The Trump administration and the Department of Homeland Security have extended the Temporary Protected Status (TPS) until October 21, 2021. The program allows immigrants to live in the U.S. with temporary citizenship and work authorization and was originally set to expire on January 4th, 2021.
However, Category 4 hurricanes Eta and Iota have been causing destruction in Central America, primarily in Honduras, which prompted the administration to allow the extension. This will permit more than 400,000 immigrants from Honduras, Sudan, Nicaragua, El Salvador, Nepal, and Haiti to continue living in the states, according to Al Jazeera. Despite this action, the period following the next nine months will see many families and individuals being forcibly displaced from their current lives if no further action is taken to instate additional immigrant protections.
Many associating parties – particularly, leaders of the countries hit by the hurricanes – have spoken up about the crucial next steps to take. In a statement released on December 4th, the Honduran President Lisandro Rosales called for U.S. financial aid assistance, “Reconstruction comes from a sustainable social and economic rebuilding, and our compatriots here in the United States can [help] achieve that by supporting their families in Honduras.”
Guatemalan President, Alejandro Giammattei, helps to add to Rosales’s points from his speech given at a Honduras event with the Central American Bank for Economic Integration. Giammattei explained, “If we don’t want hoards of Central Americans looking to move to other countries with better living conditions, we have to make a wall of prosperity in Central America.” Many Central American presidents realize the best option towards improving their economies, security, and providing a place that can welcome back their families living in the U.S., is through improving basic societal and economic structures.
Foreign intervention can allow this push, a move wholly within the realm of possibility for the U.S. – but this has not been done. According to NPR, less than 1% of the U.S. budget goes towards foreign aid, even less exclusively towards Central America since this amount is distributed globally. Statistics from the World Bank showed that in 2015, remittances sent to Honduras from U.S. Hondurans accounted for ten per cent of its GDP. This trend is not uncommon among Central American countries and their U.S.-based population.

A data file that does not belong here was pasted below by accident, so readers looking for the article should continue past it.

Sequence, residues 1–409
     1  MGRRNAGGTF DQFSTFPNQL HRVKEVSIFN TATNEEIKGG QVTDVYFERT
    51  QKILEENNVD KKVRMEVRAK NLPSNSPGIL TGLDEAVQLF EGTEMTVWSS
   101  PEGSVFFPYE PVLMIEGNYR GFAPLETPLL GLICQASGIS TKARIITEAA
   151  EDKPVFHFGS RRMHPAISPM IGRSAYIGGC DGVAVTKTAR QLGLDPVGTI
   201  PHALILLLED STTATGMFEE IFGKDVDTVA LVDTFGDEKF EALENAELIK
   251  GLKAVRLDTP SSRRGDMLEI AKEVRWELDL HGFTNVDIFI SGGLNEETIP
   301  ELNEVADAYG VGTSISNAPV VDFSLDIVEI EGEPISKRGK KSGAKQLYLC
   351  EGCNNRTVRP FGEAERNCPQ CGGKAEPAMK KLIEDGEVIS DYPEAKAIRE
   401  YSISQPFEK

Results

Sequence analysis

For the TPS holders living in the states, the extension only applies to those who have re-registered for their status during certain time periods, ranging between 2015 to 2018, that differ based on the country. After the southwestern hemisphere’s natural disasters this year, thousands of individuals have streamed into the U.S. seeking asylum, but many have not been able to do so because they were absent during these re-registration dates. Along with this, keeping TPS status is a constant struggle as it must be renewed every six to eighteen months, and the U.S. government can decide at any time their reason for residency is no longer legitimate, which forces a person to return to their home country.
The TPS was launched after the Immigration Act of 1990 was passed. The program has experienced multiple extensions ever since its implementation. After Trump took to office in 2017, the TPS has been a central target, which led to more than 95 per cent of TPS beneficiaries being terminated and forced to leave the country, as confirmed by the National TPS Alliance. Many lawsuits have been filed against the government and Homeland Security for the sudden moves made to take away protections.
On September 14, 2020, the lawsuit Ramos v. Nielsen was introduced to the Ninth U.S. Circuit Court of Appeals in regard to the planned termination of TPS holders from El Salvador, Sudan, Haiti, and Nicaragua. If this decision had gone through, more than 300,000 holders would have been stripped of their status, and according to Al Jazeera, 273,000 U.S.-born children of those individuals would have been forced to leave their home country or split from their families, if they remained in the U.S. The Ramos event ended with a preliminary injunction being issued to protect TPS, but only for now.
During a Hempstead rally last month, Biden pledged to undergo “an immediate review” of TPS once he takes office next year. The newly elected U.S. president has also promised to protect TPS holders, which allows for promising prospects of the future for the beneficiaries. However, further actions regarding the Ramos lawsuit are yet to be determined. The case is still open and may lead to measures taken that oppose Biden’s promises.
Although the TPS program can see many more extensions in the future, the short-lived, unreliable guarantee to remain in the U.S. puts refugees and displaced individuals alike under constant distress for where their future lies. Advocating for long-term, permanent residency is the only solution we can hope to see, but many more obstacles must be overcome first.
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